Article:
Petroleum & Gas in Sudan

ON AUGUST 10, 1999,AFTER COMPLETING THE 930 MILE PIPELINE FROM THE PRODUCTION REGION TO THE RED SEA coast port, Sudan celebrated its maiden oil exports. From the initial production rate of 250,000 barrels a day, by June 2004, 354,000 barrels were being produced daily, leaving the country with 250,000 bpd surplus for export after satisfying domestic demand. Energy Minister Awad al-Jaz said in May 2004 that he
expected crude production to reach 500,000 bpd in 2005. Sudan is not confining its exports to crude; in June 2000, the first export shipment of benzene, amounting to 20,000 tons, left Bashayier Oil Export Seaport on the Red Sea. Sudan has since been exporting over $100 million annually in refined products and, keeping the pace, for the first half of 2004,the value of refined products exports was $65.563 million. Petroleum products now account for over 70% of Sudan’s exports earnings.

Oil exploration continues, with positive geological formations in the north, central, east, and west of the country. Although oil companies had been showing interest in Sudan since Shell set up business in 1928, it was the introduction of production sharing agreements in 1990 that led the country to finally become a petrole-petroleum exporter. A consortium called the Greater Nile Petroleum Operating Company (GNPOC) was organized to develop 15 designated exploration blocks. Under the production sharing agreement, the China National Petroleum Corporation has a 40% share, Malaysia’s Petronas 30%, Oil & Natural Gas, India’s state petroleum conglomerate,
25%, and Sudan National Petroleum Company 5%; after the external partners have recouped their investments, the Sudanese will retain an 80% share. Depending on production and market prices, this switch in majority shares should take 4 to 5 years.

Remarking on the arrangement, Energy and Mining Minister, Dr. Awad Al Jaz, told Sudanow’s Khalil Yusuf “We collected a lot of information from different countries. As you may know, all industries are similar everywhere.
It (joint venture) is a matter of shares. How much you get and how much they take. I guess we made a very good and fair agreement for the benefit of Sudan and also for the benefit of others.”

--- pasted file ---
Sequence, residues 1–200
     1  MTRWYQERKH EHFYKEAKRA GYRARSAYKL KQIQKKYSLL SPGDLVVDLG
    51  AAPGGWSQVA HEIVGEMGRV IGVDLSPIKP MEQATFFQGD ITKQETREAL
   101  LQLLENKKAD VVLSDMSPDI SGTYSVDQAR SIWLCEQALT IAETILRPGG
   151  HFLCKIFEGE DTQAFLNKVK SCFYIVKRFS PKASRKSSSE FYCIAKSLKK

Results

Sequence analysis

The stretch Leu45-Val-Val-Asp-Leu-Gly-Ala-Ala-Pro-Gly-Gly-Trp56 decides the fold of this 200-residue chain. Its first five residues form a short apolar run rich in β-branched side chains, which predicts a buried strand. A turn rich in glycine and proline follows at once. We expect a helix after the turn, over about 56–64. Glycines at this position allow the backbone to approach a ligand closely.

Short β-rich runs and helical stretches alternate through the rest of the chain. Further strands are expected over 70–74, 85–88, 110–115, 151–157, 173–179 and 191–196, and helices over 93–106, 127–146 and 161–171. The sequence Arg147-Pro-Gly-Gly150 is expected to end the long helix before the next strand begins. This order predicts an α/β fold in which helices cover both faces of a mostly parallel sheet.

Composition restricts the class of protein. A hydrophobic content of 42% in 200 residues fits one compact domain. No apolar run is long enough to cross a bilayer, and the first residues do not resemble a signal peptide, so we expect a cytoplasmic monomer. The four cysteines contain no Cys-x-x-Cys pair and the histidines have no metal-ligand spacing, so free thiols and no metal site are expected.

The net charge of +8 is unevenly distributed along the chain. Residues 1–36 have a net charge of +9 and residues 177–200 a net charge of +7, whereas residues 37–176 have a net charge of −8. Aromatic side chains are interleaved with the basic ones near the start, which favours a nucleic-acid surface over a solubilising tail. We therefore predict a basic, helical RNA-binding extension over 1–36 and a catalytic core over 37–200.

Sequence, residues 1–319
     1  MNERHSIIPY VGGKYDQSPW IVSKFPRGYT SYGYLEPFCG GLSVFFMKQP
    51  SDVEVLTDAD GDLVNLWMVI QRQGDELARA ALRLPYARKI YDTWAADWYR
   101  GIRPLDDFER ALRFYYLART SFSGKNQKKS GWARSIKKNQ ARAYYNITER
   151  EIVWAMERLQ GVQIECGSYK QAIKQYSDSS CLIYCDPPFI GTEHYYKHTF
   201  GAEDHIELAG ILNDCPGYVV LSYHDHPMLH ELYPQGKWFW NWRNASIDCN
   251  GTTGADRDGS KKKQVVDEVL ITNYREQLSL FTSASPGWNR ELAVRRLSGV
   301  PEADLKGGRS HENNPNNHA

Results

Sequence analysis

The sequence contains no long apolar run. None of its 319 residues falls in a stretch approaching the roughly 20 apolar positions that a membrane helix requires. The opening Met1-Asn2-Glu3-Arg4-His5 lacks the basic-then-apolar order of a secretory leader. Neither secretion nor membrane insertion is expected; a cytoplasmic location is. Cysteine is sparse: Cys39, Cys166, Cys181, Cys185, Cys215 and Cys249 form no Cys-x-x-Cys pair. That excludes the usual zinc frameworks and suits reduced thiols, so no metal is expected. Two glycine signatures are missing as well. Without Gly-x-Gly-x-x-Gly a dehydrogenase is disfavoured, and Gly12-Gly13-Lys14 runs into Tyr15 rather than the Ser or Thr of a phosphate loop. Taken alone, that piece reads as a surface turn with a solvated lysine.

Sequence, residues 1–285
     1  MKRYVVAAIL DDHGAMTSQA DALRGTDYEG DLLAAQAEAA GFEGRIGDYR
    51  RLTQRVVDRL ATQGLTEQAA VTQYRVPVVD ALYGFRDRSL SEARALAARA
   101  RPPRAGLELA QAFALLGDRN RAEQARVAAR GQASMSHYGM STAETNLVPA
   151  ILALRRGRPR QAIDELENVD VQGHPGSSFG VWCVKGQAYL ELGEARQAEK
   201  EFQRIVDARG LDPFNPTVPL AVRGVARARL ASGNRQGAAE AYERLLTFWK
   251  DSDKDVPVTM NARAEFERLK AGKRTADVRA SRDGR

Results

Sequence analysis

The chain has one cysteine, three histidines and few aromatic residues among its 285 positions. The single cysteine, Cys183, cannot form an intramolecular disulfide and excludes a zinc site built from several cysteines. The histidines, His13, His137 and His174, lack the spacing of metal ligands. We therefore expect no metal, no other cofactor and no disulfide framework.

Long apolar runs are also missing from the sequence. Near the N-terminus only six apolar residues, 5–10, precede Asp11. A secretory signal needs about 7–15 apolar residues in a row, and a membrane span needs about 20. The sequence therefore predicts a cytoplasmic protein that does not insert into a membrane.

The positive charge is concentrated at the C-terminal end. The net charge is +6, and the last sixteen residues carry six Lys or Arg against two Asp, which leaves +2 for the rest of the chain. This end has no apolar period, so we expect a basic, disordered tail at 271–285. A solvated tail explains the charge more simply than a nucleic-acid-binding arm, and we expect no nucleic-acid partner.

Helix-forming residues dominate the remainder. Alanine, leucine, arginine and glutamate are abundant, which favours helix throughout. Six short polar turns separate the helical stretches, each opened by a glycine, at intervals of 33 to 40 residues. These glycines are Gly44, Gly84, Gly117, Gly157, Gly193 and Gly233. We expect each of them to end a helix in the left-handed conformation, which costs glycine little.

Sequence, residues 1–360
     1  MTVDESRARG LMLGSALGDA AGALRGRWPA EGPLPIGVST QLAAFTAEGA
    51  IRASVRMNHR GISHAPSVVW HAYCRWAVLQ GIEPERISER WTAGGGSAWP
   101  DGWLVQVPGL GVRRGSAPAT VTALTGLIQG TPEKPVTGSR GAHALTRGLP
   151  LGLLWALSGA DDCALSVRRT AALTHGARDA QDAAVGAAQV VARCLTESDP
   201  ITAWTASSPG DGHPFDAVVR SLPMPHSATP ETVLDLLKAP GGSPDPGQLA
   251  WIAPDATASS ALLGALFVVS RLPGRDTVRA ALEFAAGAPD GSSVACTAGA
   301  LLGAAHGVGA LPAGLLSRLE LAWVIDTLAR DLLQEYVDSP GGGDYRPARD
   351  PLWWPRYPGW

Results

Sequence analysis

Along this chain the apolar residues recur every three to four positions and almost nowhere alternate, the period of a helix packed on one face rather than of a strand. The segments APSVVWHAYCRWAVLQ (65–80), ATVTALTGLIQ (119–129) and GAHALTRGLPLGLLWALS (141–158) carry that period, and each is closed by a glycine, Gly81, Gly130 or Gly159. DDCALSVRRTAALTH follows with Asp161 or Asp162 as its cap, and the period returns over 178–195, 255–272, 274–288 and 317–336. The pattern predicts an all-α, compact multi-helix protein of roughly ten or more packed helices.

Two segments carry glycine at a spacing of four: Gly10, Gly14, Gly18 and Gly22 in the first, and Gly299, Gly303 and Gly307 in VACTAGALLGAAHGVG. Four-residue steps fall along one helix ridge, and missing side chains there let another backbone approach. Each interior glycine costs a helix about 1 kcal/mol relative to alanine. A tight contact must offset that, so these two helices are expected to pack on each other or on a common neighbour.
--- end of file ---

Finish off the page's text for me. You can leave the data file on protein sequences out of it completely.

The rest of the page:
The first major dividend for Sudan was cessation of imports. Previously, 66% of the country’s foreign exchange earnings, derived principally from agricultural exports, were spent to import domestic fuel stocks. The derived savings have been earmarked for priority areas of development, which include benzene, gas, and petrochemicals, in addition to infrastructure and social services. Reserves in producing fields were, in January 2004, estimated at 563
million barrels, which, at the present production rate, suggest that by the end of the first quarter of 2005, remaining reserves should be about 415 million barrels.

Although the proven reserves are not particularly large, optimism prevails among the stakeholders in GNPOC that more concentrations of commercial quantity reserves will continue to be discovered. In 2005, production at Block 3/7, located in the Malut Basin at the northern tip of South Sudan, is expected to begin at the rate of 170,000bpd.

The Chinese National Petroleum Company (CNPC), which holds a 41% stake in the block, will be the operator.
Aside from Heglig and Unity, where the main production has been going on since 2000, fields in the Muglad basin (part of a massive Crestaceous system extending across central Africa that includes the Doba Basin in Chad
plus oil fields in southern Sudan) produce crude oil with a 33 o to 42o API range, having only 0.5% sulfur content. This crude is highly paraffinic and requires heating to maintain flow in the pipeline. In June 2004, the Indian government approved plans by ONGC for a $194 million, 450-mile petroleum products export pipeline, running
from the Khartoum refinery to Port Sudan. The project is to be completed in 14-16 months.

In April 2003, the Swedish oil company Lundin, the only remaining Western country active in Sudan’s oil production, sold its 40.375% share in Block 5A to Petronas for $142.5 million. Meanwhile, the Asians are piling in and increasing their stakes. In August 2003, India’s ONG, which had acquired Talisman of Canada’s share at the beginning of the year, acquired block 5A and 5B from Austria’s OMV. Also in August 2003, Petronas announced it would take a
stake in block 8, located in the Blue Nile Basin, while Pakistan’s Zafir closed the deal to explore block 9.

In June 2004, Petrodar, a consortium, made up of the China National Petroleum Company (41%), Petronas (40%), Sudapet (8%), Gulf Oil Petroleum (6%), and the Al- Thani Corporation (5%), awarded a $239 million contract to Ranhill International of Malaysia and Petroneeds Services International of Sudan for development work on blocks
3 and 7. The blocks cover an area of 44,700 square miles, and contain the Adar Yeil field, which produces 5,000 bpd. The Al Thani Corporation had, in November 2000, been granted a production agreement by the Sudanese government in the Melut Basin. Also in June 2004, Petrodar contracted two other companies (Nam Fatt of Malaysia and Bentini of Italy) to build pumping stations for Melut. With China the major player in Sudan’s oil industry, the China Petroleum Engineering and Construction Group (CPECC) was chosen to build a $215 million oil terminal to service blocks 3 and 7.

Exploration opportunities are being offered in northwestern and southeastern Sudan, as well as in the Blue Nile Basin and the Red Sea. Sudan’s petroleum officials estimate that only about 15% of the national reserves are located in the central and south central regions where upstream activity is presently concentrated. The immediate downstream vision is to increase refining capacity to 250,000bpd, which would leave 100,000 barrels surplus.